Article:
In the Clear

Ten Things I Hate About You
Juno the Transparent Woman doesn't let life's little melodramas--like having 75 lightbulbs implanted in her shoulder blades--get to her. Her fifty-year-old pickup lines are unfailingly fresh: "The next generation begins in my ovaries," she enthuses. And she always invites everybody to look at her pancreas.

Yes, she's a freak. But she's our freak. Tall, statuesque, and see-through, Juno has talked to and rotated for visitors to the Cleveland Health Museum since 1950. For four generations, schoolchildren have seen her organs light up like winning numbers on a game show, and squirmed through her deconstruction of the small intestine: "The digestive system is kind of like a cafeteria line, but instead of putting lunch together, it takes lunch apart."

Juno's peek-a-boo physiology--including blood vessels long enough to cross the Golden Gate Bridge eight times!--will be celebrated Saturday at the Health Museum's Juno Forever Jubilee. The festivities include arts and crafts, ballroom dancing demonstrations, and the crowning of the flesh-and-blood Ms. Juno 1999.

Contrary to her congenial demeanor, Juno was born during troubled times at the Dresden, Germany-based Deutsches Hygiene Museum (an institution that fashions transparent animals and people for schools, museums, and the private collections of weirdos). Finding themselves in the middle of the Communist takeover of East Germany, the museum's curators managed to smuggle hundreds of molds for plastic dog spleens and human esophagi over the border, and set up shop in Cologne. Over the years, their outlaw status made it tough for the Health Museum to get spare parts when Juno's big toe cracked or the vitamin-pill-sized lightbulb in her heart burned out. So Health Museum workers learned to improvise--a tradition that continues today, although the Hygiene Museum has moved back to Dresden.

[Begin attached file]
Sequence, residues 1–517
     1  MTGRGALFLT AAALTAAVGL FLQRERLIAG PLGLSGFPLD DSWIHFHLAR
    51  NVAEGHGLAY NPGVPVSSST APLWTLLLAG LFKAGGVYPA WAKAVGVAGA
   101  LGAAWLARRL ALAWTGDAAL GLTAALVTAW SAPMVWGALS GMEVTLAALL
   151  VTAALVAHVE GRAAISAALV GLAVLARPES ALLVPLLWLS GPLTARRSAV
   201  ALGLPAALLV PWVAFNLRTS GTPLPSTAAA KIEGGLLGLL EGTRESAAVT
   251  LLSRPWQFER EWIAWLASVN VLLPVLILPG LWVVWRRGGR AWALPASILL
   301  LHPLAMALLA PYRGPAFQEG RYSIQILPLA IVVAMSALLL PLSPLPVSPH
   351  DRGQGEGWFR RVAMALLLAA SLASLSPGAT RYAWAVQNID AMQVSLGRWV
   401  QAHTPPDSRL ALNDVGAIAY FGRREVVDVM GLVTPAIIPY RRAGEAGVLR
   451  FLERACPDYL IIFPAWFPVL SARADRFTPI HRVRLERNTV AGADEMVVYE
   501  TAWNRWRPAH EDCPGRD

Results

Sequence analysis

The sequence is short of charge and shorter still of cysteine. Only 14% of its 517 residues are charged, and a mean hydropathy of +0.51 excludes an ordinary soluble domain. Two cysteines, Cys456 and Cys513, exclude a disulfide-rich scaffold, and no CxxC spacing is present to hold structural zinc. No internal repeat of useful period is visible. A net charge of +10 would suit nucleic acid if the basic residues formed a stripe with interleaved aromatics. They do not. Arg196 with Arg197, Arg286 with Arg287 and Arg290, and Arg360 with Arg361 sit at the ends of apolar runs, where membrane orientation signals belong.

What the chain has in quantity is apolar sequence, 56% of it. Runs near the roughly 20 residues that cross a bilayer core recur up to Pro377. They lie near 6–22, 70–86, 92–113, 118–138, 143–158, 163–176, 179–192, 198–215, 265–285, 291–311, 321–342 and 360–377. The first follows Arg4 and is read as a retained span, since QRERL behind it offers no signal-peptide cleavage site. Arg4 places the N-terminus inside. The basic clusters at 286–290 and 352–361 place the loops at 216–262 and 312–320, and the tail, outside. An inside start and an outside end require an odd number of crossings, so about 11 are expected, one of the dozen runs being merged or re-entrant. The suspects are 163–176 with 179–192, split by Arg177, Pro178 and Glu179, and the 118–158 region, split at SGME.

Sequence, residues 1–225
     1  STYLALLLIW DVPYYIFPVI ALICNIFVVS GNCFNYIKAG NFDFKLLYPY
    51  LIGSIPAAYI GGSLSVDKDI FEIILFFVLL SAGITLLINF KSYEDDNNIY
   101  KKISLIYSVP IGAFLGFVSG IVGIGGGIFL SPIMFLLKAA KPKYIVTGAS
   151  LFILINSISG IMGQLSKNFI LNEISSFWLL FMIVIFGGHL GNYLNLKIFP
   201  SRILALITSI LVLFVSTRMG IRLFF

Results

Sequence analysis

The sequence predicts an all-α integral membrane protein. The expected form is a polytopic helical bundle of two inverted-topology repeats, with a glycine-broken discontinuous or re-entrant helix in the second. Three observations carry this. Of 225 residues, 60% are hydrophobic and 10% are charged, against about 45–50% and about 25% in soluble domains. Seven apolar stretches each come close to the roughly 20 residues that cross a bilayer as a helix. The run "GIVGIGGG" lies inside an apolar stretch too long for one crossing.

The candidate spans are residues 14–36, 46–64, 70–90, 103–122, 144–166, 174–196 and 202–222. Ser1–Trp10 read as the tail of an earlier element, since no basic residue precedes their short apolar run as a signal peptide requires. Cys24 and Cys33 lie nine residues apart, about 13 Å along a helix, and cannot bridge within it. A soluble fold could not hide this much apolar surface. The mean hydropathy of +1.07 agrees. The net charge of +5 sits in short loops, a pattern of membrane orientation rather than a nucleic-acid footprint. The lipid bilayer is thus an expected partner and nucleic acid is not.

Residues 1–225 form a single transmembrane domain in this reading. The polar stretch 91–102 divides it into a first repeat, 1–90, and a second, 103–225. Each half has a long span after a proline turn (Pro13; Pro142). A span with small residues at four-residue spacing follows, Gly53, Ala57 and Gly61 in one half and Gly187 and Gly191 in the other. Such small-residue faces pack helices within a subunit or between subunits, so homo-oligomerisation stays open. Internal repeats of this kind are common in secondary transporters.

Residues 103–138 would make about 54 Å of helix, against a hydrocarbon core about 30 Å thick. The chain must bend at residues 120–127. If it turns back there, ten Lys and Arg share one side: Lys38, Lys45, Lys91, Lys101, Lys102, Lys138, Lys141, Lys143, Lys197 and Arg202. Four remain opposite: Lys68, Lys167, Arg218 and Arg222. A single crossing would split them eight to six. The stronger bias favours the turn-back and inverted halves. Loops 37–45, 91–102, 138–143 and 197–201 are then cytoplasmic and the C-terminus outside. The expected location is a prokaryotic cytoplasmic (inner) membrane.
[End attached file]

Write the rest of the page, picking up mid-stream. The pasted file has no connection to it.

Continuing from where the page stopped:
"Part of her I fixed with ball-point-pen springs," says Health Museum technician Dave Leeds. Recently, he streamlined Juno's clunky Cold War machinery with computer circuitry. But even plastic mannequins are mortal. "Wait a minute . . . it's out of sync," he says as she spins on her carpeted axis. "Her brain should be lit up right now. But the bladder's lighting up."

In the 1980s, the original blinking broad began to fray. "Her fingertips were wearing out, and the wires were coming through," recalls Tricia Horvath, the museum's associate director. The museum bought two duplicate models. Juno I still reigns in a storage garage.

"She's in a real nice resting place," says Horvath, noting that the sentimental staff wouldn't settle for less. "She's not sitting on a dump somewhere."


The Juno Forever Jubilee runs from noon to 4 p.m. Saturday at the Health Museum, 8911 Euclid Avenue. Admission is $4.50; call 216-231-5010.

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